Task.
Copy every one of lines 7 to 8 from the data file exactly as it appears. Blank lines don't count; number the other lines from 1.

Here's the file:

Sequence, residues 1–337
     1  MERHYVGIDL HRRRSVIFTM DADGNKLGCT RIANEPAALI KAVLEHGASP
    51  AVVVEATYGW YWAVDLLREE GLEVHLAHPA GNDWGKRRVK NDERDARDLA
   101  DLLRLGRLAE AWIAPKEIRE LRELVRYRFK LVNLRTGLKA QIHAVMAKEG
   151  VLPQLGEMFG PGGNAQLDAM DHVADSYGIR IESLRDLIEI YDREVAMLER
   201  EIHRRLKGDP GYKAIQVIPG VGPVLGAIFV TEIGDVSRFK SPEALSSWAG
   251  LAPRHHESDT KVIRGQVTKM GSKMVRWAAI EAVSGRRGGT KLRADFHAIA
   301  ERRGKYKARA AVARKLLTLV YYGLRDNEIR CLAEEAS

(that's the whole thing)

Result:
   251  LAPRHHESDT KVIRGQVTKM GSKMVRWAAI EAVSGRRGGT KLRADFHAIA
   301  ERRGKYKARA AVARKLLTLV YYGLRDNEIR CLAEEAS